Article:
Earth fissures are open surface fractures that may be up to a mile in length, up to 15 ft wide, and 10s of feet deep.
Earth fissure hazard data are currently unavailable for tribal lands in Arizona. To assess earth fissure hazards on tribal lands, please seek out further information from the appropriate Tribal Division of Public Safety Department or Environmental Protection.
GIS Earth Fissure Data: Locations of Earth Fissure Traces in Arizona v. 06.01.2019
- Earth Fissures & Ground Subsidence
- Earth Fissure Program Project page
- A Home Buyer’s Guide to Geologic Hazards in Arizona
Earth fissures occur in areas of extensive ground subsidence as a result of groundwater withdrawal. As the ground subsides unevenly, stress along the basin margins lead to earth fissure formation. Counties in Arizona host earth fissures, include, Cochise, La Paz, Maricopa, Pima and Pinal County.
Earth fissures can damage infrastructure (utility lines, roads, canals, etc.) and buildings, alter flood and drainage patterns, and pose a health hazard to people and livestock. Additionally, earth fissures are a direct path to the groundwater table, so pollutants and contaminants could potentially flush down the fissure into a groundwater aquifer. Earth fissures are a long-term problem and may well continue to form should subsidence continue unchecked.
Reducing the occurrence of earth fissures and their associated impacts is a community effort.
UTILITIES, PUBLIC WORKS, AND TRANSPORTATION
- Lessen dependence on groundwater by using alternative sources;
- Be aware of where fissures are located and avoid building infrastructure through, on, or over them;
- Avoid routing drainage into fissures: watering fissures makes them grow;
- Ensure alternate emergency routes exist where fissures cross existing roads; and
- Monitor storm and sewage drains for flow reversal.
PLANNING AND ZONING
- Encourage developers to avoid fissure-prone areas;
- Require a minimum setback for buildings/infrastructure in fissure areas; and
- Prohibit residential zones in fissure areas.
- Familiarize yourself about fissures before buying property in fissure-prone areas;
- Carefully read the disclosure before buying; and
- Fence off the fissure to keep animals and children out.
- Practice smart water conservation - even if you don't live in a fissure-prone areas, your water consumption may be contributing to the fissure formation in other areas;
- Do NOT dump garbage, appliances, manure, or other contaminants into fissures; and
- If you see something you suspect is a fissure, report it to the Arizona Geological Survey
Earth fissures are open surface fractures that may be as much as a mile in length, up to 15 ft wide, and 10s of feet deep. In Arizona, earth fissures form as a result of land subsidence driven by groundwater withdrawal. The Arizona Geological Survey has mapped and reported earth fissures throughout south-central and southeastern Arizona since the 1990s and published earth fissure study area maps in accordance with Arizona Revised Statute § 27-152.01(3) since 2007. Mapping of fissures involves incorporating mapped earth fissures from previous studies, examining remotely sensed subsidence data and aerial imagery, and on-site field mapping using high-precision GPS receivers.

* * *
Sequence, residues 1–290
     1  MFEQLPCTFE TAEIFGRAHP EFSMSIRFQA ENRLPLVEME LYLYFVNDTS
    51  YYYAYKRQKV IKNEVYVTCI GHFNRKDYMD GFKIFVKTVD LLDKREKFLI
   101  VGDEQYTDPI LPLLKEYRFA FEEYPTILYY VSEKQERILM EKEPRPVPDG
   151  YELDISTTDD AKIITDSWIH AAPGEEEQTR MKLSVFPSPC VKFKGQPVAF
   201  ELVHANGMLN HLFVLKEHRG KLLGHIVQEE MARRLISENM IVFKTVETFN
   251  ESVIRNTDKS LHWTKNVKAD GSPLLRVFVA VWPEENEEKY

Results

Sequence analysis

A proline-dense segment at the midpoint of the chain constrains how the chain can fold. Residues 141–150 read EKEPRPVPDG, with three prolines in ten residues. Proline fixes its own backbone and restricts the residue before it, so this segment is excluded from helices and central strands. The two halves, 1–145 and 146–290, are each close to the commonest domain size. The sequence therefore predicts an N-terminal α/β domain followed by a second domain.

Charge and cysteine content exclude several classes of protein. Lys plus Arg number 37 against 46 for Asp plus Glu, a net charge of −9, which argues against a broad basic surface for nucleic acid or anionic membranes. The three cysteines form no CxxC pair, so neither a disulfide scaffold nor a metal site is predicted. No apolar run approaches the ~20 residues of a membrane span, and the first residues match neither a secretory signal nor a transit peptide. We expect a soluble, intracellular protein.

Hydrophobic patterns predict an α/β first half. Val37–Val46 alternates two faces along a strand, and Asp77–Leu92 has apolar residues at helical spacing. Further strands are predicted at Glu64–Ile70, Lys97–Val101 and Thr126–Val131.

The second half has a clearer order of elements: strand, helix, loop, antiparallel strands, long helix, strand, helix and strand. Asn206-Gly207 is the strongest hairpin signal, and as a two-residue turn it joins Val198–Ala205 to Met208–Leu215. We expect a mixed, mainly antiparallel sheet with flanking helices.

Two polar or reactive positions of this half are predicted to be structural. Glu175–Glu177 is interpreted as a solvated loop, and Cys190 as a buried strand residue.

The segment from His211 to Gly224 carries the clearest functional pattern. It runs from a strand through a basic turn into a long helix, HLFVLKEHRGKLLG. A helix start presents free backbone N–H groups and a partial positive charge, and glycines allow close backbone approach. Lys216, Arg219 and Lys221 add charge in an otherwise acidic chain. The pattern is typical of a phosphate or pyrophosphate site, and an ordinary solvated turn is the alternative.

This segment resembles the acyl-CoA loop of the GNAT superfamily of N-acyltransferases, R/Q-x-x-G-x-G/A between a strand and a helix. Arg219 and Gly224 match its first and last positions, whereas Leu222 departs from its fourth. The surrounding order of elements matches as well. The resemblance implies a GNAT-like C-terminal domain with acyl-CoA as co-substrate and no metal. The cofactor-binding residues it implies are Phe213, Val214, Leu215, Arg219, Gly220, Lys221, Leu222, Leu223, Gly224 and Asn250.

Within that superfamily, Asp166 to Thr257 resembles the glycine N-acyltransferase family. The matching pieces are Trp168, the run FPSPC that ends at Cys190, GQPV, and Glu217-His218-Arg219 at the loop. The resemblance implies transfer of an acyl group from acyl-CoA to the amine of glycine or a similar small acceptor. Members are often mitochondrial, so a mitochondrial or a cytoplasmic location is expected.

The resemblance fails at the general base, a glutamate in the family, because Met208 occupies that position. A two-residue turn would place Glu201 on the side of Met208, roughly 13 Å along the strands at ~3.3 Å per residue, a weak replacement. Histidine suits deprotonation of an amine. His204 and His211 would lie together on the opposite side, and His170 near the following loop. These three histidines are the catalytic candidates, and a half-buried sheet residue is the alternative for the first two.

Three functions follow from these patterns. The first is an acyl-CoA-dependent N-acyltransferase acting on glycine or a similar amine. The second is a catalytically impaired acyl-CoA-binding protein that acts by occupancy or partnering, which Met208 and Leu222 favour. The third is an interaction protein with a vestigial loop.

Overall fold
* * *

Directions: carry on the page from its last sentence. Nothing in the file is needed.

Between 2007 and 2017, AZGS identified 27 earth fissure study areas throughout southern and central Arizona with concentrations of earth fissures totaling more than 150 miles of mapped fissures. These include uninterrupted open fissures, fissure gullies, and discontinuous linear trends of potholes, abbreviated open cracks, elongated depressions, and other collapse features. An additional 180 miles of reported/unconfirmed earth fissures appear on AZGS maps. These features include fissures previously mapped by professional geologists that appear in published maps or figures but could not be confirmed through recent surface mapping by AZGS geologists.
A reasonable effort was made to identify all earth fissures in the study area although some fissures may remain unmapped due to overprinting or disturbance by development, agricultural tilling, or lack of surface expression along the fissure at the time of mapping. Earth fissures are not static features. They may change in width, depth or length, and new fissures may appear after an area has been mapped. For these reasons the State of Arizona does not guarantee the maps are error free. Blank areas within study area boundaries have been investigated and no surface evidence of fissures was found as of the date of map publication.
For additional information on the origin and impacts of earth fissures see ‘Land Subsidence and Earth Fissures in Arizona’ by Steve Slaff.